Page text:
Aside from vaccinations, home birthing is one of the most controversial issues involving pregnancy. In some countries, like Hungary, midwives have been sentenced to prison for helping out with home births.[1, 2] Sadly, though, the same is true in many states of the US where it's either outright illegal to practice midwifery or, though not officially banned, it's impossible to get a license. Only 26 of the 50 states allow the practice of midwifery, but there are efforts to change this intrusion into women's rights.
As sad as this situation is, there's great news from the scientific front on the safety of home birthing. Reports are now documenting that home births may be as safe or safer than hospital births. Will this help to change the status of home birth in the 24 states that don't allow the practice? Though there are situations where medical help is required to assure that deliveries are safe for both the mother and baby, that's the rare exception. Science now supports home deliveries for low-risk births, which are the vast majority of births in the country.
Two excellent new studies in the highly-respected journals BMJ and the Cochrane Collaboration demonstrate that, as usual, nature knows best in how new life is brought into the world. Natural home birth with a qualified attendant may actually be safer than a hospital delivery.
The BMJ published a large nationwide study in the Netherlands that clearly demonstrates that women who opt for home deliveries have much better outcomes than women who choose hospital deliveries. Because home delivery is not a rarity in the Netherlands – but is the choice of nearly two-thirds of pregnant women – this study was able to include a large sampling of planned home births. Women who'd previously given birth had the best results, though even first-time mothers fared a bit better, demonstrating that first-time delivery is not necessarily a good reason to choose a hospital birth.
Review of Studies
On the topic of home delivery, the Cochrane Collaboration did what it's famous for – reviewing published research. It looked at several studies and found information for a wide range of birth results, including caesarean section, jaundice, maternal mortality, infant death, resuscitation of the infant, and birth traumas. They found that routine surgical deliveries are a disadvantage to both mothers and infants and that hospital births routinely utilized a huge array of methods and devices that were simply not required. The bottom line in the medicalization of birth: both mother and baby are treated much like cogs in a machine. If they don't fit the desired average, that's too bad – they must be forced into it. In fact, they quote Euro Peristat, a major European report on the health and care of pregnant women and babies as saying, "Concern about the iatrogenic effects of obstetric intervention in women who do not have a clinical need for it has put 'normal' birth firmly on the agenda for the 21st century." Iatrogenic refers to injuries caused by medical procedures.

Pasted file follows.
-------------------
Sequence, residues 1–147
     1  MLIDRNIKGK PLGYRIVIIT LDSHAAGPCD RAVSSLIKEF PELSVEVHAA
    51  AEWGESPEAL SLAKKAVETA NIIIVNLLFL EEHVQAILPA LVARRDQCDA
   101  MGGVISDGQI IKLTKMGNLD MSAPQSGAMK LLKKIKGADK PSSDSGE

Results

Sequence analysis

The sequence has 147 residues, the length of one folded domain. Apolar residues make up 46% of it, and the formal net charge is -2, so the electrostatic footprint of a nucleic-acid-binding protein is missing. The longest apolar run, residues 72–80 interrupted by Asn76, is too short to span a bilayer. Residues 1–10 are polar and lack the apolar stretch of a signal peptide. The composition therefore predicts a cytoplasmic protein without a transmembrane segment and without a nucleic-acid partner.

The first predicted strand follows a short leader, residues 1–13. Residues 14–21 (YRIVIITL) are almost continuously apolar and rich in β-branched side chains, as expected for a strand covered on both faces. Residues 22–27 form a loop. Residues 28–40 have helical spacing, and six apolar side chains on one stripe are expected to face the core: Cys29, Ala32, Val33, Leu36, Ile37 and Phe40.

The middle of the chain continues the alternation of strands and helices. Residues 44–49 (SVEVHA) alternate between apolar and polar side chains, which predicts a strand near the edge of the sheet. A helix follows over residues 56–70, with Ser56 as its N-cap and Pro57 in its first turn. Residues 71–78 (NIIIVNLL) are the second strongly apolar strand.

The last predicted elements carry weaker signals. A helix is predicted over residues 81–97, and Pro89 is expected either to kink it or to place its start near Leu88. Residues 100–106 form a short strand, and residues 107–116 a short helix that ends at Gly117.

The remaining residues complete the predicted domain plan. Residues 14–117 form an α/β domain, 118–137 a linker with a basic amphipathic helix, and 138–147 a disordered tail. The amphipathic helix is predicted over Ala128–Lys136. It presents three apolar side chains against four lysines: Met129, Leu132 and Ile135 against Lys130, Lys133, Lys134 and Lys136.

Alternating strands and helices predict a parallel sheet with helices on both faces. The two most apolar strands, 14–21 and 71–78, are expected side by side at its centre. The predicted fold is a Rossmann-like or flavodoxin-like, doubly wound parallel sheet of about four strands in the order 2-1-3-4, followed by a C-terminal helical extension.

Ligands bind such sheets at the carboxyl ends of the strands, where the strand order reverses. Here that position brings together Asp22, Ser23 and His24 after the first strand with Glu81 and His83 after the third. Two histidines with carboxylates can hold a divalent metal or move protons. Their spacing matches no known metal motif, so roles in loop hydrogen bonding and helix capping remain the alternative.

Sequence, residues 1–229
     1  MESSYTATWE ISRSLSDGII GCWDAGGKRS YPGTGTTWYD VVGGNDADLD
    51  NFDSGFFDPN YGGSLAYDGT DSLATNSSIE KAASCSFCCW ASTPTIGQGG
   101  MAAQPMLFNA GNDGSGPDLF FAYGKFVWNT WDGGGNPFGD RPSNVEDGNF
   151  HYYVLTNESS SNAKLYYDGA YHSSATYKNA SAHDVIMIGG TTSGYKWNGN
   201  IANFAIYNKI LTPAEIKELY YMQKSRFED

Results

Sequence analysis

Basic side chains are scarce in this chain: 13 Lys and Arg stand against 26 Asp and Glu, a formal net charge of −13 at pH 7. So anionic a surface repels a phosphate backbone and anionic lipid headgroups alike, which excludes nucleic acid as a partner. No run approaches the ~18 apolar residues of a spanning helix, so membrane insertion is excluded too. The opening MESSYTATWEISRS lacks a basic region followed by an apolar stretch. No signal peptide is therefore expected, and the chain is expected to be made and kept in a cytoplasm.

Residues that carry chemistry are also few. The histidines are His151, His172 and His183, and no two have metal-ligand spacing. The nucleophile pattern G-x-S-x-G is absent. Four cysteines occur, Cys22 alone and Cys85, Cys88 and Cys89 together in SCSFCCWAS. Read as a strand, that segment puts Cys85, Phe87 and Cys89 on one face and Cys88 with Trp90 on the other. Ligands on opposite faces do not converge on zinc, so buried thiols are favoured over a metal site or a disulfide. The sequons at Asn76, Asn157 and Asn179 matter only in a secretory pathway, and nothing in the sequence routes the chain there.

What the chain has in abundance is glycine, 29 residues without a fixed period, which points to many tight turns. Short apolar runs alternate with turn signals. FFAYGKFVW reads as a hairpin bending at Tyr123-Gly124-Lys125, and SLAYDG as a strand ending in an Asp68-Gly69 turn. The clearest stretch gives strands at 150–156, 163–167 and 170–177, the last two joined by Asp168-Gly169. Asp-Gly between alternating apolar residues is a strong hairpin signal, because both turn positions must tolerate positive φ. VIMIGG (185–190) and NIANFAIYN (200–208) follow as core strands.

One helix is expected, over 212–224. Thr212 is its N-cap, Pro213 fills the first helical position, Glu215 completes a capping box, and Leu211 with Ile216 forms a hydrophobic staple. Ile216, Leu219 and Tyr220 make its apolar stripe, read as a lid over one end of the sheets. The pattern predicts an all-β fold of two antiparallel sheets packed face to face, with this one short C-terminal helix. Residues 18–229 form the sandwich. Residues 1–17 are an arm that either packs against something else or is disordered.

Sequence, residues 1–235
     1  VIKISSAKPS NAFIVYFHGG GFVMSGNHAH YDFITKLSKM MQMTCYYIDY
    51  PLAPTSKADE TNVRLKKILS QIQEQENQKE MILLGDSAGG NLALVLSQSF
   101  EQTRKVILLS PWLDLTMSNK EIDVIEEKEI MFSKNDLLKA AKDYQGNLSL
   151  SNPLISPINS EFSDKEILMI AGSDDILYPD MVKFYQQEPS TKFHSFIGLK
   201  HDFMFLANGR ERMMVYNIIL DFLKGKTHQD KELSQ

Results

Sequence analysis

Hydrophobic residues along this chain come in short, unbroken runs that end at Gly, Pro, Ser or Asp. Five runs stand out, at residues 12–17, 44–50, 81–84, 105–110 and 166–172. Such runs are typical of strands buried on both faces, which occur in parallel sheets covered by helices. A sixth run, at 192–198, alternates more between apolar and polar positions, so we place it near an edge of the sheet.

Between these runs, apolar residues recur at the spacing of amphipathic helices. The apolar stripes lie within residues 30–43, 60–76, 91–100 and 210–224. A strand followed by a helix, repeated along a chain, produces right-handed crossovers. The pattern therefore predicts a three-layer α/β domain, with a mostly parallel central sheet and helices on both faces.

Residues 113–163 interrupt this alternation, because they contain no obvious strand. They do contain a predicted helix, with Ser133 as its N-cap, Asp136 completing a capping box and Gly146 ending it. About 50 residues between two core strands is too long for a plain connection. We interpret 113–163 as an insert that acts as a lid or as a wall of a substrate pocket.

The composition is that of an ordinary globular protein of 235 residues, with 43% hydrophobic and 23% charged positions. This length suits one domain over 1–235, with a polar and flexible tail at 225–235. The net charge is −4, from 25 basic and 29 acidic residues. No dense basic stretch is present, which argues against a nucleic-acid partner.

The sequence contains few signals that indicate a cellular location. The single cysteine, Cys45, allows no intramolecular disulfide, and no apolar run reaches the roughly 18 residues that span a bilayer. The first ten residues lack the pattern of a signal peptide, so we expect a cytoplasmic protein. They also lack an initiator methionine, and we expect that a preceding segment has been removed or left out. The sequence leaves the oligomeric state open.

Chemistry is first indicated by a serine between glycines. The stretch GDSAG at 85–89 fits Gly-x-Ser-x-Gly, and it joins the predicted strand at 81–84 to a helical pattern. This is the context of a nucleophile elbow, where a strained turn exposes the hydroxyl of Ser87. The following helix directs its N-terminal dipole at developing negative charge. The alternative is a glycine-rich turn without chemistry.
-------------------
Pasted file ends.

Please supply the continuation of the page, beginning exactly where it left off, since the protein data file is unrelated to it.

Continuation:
The Science Has Weighed in on Home Birth
Isn't it exciting that science backs up what so many mothers have known for centuries? Outside of rare incidents, birth is a natural process, not something that needs to be managed and depersonalized. It's marvelous that doctors and hospitals are there when you need them. However, in most cases, home birthing is a safe, natural way to bring another human being into the world. The truth is that science has never suggested that home deliveries are dangerous, simply because such studies were never done. Bits and pieces have been studied, but until now those bits and piece have never been put together into a single review that tells the truth. Instead of looking at small numbers of births, the BMJ produced a study that looks at an entire nation's experience with home-planned versus hospital-planned deliveries. Now that studies are being done, the truth is finally coming out. For most women, the safer and far more satisfying choice is natural home delivery, not the medically-controlled model. The latest exciting evidence has just spoken – nature may be best for both baby and mother.
Have you experienced a home birth? What were your experiences? Please share with us in the comments!
- Toni Harman. Agnes Gereb and the Case for Human Rights in Childbirth. May 24, 2012.
- Amelia Hill. Hungary: Midwife Agnes Gereb taken to court for championing home births. October 22, 2010.
- Certified Professional Midwives (CPM). Certified Professional Midwives in the United States. June 2008.
- The Big Push for Midwives. Statement of The Big Push for Midwives Campaign on the AMA Scope of Pratice Partnership. July 15, 2013.
- Ank de Jonge, Jeanette AJM Mesman, Judith Manniën, Joost J Zwart, Jeroen van Dillen, Jos van Roosmalen. Severe adverse maternal outcomes among low risk women with planned home versus hospital births in the Netherlands: nationwide cohort study. BMJ. June 13, 2013. doi: 10.1136/bmj.f3263.
- Olsen O, Clausen JA. Planned hospital birth versus planned home birth (Review). The Cochrane Collaboration. April 17, 2012. DOI: 10.1002/14651858.CD0003 52.pub2.
†Results may vary. Information and statements made are for education purposes and are not intended to replace the advice of your doctor. If you have a severe medical condition or health concern, see your physician.